Wednesday, June 1, 2011

Reckless Endangerment: Another Reason to End the Fed

The more I hear from Gretchen Morgenson and Josh Rosner, co-authors of a new book Reckless Endangerment, the more I like. The book is about the cause of the financial crisis to hit in 2008 setting in motion the Great Recession.

I have not read the book, so cannot vouch for its contents, but the following interview segments from The Daily Ticker are quite interesting and revealing. Morgenson and Rosner seem to have the inside scoop about how cozy the Federal Reserve is to large commercial banks, thereby subsidizing and encouraging ever-more risky malinvestment. They note how corporatist (in a fascist sense) the who financial system is. The scary thing is that they report that the flurry of bailouts, monetary activism, and regulation has left the system even more precarious than ever. So far the Fed has merely further enshrined the doctrine of "Too Big to Fail."

One area in which I disagree with them, however, is their view of regulation. They are right to recognize that bank activity needs to be regulated, however, they seem to imply that it needs to be more strongly done by the state. They accept Alan Greenspan's verdict from a couple of years ago that he and the Fed were wrong to rely on banks' self-regulation. The implication they take is that we need better real regulation by the government over the banking system.

The reason self-regulation did not work, however, is that they were protected from the best regulation of all: the regulation of the market. They did not have to regulate themselves, because they knew that the Fed had their financial back. The profit and loss system of the free market is a stern regulator, because the entrepreneur is encouraged simultaneously by both a carrot and a stick to make only wise, productive investments. With the Fed standing ready to fix problems due to too many unsound decisions, bankers and financial institutions made a tanker-load of entrepreneurial errors.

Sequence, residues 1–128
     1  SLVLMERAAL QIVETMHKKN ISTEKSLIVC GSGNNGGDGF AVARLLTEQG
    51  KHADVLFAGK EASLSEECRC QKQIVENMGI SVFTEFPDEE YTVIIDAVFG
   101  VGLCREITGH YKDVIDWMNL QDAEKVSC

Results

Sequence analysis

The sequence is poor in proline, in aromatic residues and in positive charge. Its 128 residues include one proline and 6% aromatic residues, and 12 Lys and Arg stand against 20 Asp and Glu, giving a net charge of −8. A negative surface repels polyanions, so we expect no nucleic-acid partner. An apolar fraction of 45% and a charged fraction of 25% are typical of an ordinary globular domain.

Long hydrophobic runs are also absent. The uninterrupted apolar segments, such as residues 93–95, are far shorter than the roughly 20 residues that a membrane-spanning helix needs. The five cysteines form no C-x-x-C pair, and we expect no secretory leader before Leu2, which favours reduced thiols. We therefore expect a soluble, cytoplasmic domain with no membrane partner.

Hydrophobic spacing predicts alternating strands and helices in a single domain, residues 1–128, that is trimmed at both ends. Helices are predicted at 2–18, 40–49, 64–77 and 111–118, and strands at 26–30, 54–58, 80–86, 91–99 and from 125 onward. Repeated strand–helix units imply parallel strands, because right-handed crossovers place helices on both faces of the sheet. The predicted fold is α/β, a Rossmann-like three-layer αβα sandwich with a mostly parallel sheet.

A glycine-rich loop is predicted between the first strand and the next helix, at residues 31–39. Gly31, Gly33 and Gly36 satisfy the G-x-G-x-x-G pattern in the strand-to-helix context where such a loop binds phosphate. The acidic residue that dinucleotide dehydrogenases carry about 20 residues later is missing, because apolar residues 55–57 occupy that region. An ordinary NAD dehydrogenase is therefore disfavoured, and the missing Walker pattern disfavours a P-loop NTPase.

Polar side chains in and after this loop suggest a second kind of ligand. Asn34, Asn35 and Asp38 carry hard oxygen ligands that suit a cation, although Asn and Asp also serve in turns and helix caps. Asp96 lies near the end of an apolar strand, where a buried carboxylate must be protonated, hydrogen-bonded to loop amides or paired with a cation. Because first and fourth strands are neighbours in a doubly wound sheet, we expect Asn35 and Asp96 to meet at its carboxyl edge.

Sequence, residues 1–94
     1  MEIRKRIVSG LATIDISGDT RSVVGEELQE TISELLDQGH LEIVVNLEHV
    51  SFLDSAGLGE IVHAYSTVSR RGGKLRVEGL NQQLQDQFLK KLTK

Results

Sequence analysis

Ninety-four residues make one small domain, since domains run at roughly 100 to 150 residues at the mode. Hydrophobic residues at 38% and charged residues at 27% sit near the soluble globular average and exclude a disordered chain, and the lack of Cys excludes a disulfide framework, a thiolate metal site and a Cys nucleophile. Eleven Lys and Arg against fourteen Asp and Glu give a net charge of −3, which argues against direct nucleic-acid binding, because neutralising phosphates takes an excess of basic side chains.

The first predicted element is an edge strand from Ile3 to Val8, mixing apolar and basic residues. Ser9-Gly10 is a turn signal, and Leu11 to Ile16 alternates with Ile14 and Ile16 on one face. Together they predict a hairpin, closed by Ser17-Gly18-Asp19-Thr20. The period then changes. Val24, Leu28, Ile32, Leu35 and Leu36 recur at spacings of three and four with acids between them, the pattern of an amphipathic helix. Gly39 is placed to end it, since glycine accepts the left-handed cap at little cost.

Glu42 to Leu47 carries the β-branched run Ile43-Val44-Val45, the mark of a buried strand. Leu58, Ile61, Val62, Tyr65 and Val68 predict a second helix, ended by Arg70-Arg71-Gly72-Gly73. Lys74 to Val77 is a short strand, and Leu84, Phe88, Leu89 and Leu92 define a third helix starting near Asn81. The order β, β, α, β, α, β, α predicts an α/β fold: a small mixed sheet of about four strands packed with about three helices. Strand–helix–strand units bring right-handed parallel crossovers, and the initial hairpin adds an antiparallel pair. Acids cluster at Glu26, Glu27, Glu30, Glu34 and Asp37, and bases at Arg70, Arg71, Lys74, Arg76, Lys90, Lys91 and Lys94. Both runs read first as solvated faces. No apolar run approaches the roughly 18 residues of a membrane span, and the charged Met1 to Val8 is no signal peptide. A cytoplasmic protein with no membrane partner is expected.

Morgenson rightly notes in the last segment that one of the Fed's main errors was that it equated safety and soundness with profitability. However, in our current Fed-supported fractional reserve system, a bank can generate temporary profits for quite some time by engaging in activity that actually contributes to, well, reckless endangerment. The regulation by the market that promotes safety and stability is a profit and loss system. It is only when banking entrepreneurs must bear the full cost of their losses that they are careful not to make foolish or even evil financial decisions. Accepting that any institution is "too big to fail" is to participate in dismantling the regulation by the market. "Too Big to Fail" is a natural outcome of a banking system backed by a central money creator we call a central bank.

In any event, I recommend the following interview segments:

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